The patients would be delivered into a kind of new arrival wing.  I only once or twice had to work that wing.  It was the hardest because at that point in the process, no one wants to be there; not the patients, and not the workers due to the volatility.  Making a person feel at home in a room with a twin sized bed that has plastic fitted sheets, one regular sheet, one pillow with a pillow case, and one seemingly always rust red-colored blanket is almost impossible.  And a few who were out of control needed restraining here and there.  One worker actually got his finger bitten off at CPC Westwood and then subsequently committed suicide.  So I was very careful during take downs to keep clear of anything that might cause me to regret having taken the position.  There was one very strong patient who needed to be restrained in an isolation room.  It was the only time that I can remember really feeling afraid of having to go in there.  I quickly yelled to the nurses to call Howard and Dan in immediately.  They were the two largest psych techs on the premises with builds like big bowling balls.  I waited outside the isolation room for their arrival and let them go in like storm troopers, while I basically mimed helping with the assist.  I’m still content with myself that I did that!  I’d rather have felt slightly impotent rather than have lost a digit.  I suppose that can apply to more than one situation.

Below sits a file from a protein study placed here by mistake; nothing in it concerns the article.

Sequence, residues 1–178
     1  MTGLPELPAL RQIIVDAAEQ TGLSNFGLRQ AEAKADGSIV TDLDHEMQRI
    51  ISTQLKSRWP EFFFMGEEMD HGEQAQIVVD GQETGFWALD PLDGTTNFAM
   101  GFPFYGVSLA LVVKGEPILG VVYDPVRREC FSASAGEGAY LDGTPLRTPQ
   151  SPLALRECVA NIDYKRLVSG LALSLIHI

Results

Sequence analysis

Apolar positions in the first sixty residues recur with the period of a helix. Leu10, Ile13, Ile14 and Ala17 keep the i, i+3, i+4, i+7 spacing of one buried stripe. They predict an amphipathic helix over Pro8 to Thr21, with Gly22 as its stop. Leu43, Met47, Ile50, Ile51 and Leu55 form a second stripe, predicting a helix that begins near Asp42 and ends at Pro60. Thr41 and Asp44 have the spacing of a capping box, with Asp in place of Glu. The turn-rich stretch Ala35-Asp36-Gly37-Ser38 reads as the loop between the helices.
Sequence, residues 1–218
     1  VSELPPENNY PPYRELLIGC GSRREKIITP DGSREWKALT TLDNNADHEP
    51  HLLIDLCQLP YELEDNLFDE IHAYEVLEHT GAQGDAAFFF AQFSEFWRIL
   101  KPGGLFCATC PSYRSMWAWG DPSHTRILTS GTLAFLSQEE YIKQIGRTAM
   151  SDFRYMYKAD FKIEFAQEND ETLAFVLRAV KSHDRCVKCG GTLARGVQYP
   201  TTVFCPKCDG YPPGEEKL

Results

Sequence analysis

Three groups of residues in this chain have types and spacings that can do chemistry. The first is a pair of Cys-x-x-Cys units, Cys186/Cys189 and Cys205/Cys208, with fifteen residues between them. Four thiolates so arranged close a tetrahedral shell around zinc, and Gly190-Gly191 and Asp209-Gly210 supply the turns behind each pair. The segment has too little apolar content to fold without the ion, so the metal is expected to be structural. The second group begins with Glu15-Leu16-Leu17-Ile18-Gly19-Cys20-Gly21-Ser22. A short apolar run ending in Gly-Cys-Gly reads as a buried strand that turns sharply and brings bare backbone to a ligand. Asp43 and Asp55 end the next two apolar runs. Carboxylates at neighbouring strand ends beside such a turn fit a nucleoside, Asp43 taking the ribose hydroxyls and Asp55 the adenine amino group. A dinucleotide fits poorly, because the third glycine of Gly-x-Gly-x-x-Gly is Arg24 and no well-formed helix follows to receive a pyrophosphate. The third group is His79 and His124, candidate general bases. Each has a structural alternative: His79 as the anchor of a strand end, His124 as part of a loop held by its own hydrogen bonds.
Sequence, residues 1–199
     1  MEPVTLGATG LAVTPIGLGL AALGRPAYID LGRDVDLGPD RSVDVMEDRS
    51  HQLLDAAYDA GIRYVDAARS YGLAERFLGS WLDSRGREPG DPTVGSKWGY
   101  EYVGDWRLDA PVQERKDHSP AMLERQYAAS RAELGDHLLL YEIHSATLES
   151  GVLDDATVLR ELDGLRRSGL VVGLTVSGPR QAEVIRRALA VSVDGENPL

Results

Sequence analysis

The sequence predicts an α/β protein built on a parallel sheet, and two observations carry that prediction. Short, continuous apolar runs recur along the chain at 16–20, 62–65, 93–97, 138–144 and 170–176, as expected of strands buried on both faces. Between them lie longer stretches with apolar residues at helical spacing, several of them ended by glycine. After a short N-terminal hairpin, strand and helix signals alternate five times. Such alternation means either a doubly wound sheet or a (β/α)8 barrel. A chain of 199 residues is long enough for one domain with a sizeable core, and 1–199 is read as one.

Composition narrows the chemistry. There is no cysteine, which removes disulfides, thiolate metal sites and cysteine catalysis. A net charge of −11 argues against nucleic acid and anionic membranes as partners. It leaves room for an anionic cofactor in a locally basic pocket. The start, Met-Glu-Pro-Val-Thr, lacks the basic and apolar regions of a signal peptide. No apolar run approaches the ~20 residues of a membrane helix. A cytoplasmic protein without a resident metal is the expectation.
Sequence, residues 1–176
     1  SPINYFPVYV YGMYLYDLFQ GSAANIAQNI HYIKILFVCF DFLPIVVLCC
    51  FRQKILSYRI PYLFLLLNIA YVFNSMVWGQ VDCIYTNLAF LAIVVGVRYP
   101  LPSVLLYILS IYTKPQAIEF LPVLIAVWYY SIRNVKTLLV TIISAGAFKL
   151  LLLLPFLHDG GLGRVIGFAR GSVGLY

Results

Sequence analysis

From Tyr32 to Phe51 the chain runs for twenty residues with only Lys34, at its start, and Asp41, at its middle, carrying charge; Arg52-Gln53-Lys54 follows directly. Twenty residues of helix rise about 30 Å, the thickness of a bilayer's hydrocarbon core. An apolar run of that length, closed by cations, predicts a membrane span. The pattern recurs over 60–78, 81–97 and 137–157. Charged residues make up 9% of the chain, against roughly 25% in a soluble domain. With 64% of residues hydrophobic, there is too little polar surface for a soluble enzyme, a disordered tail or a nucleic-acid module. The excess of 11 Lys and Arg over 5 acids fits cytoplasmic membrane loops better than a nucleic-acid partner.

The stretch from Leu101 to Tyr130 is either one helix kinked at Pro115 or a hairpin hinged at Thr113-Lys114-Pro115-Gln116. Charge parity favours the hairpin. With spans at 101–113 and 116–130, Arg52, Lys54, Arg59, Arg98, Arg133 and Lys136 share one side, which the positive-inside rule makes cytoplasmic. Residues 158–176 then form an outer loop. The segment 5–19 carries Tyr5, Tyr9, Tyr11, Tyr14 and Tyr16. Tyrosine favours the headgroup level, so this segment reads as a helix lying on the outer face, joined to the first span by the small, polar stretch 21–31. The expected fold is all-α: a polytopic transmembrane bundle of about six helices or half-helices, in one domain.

My job was to work as a Psych Tech on a locked unit that had some benefits for the patients. The unit was shaped like a “T,” with the nursing station being at the head of that T, and had a television recreation room, and also an outdoor patio for the patients (and staff) who liked to smoke outdoors.  I must point out here that the TV-rec room was also okay'd for smoking.  And so was, to my extreme discontent, the nursing station, where tenured overripe old nurses with raspy voices puffing their cigarettes like chimneys.  They had the practice of writing in their patient logs with one had while their free hand fed their faces an endless chain of tobacco sticks.  All three hallways, even those parts not particularly near the TV room or the nursing station, were filled with a light, constricting fog of smoke.  Had there been laser pens at the time, I would have put on an ‘80’s light show for everyone in that thick haze.  Kristin used to smell the stench on me as soon as I walked in the door of our Venice loft.  It would radiate loudly from my clothes and hair and waft along behind me as I moved from room to room.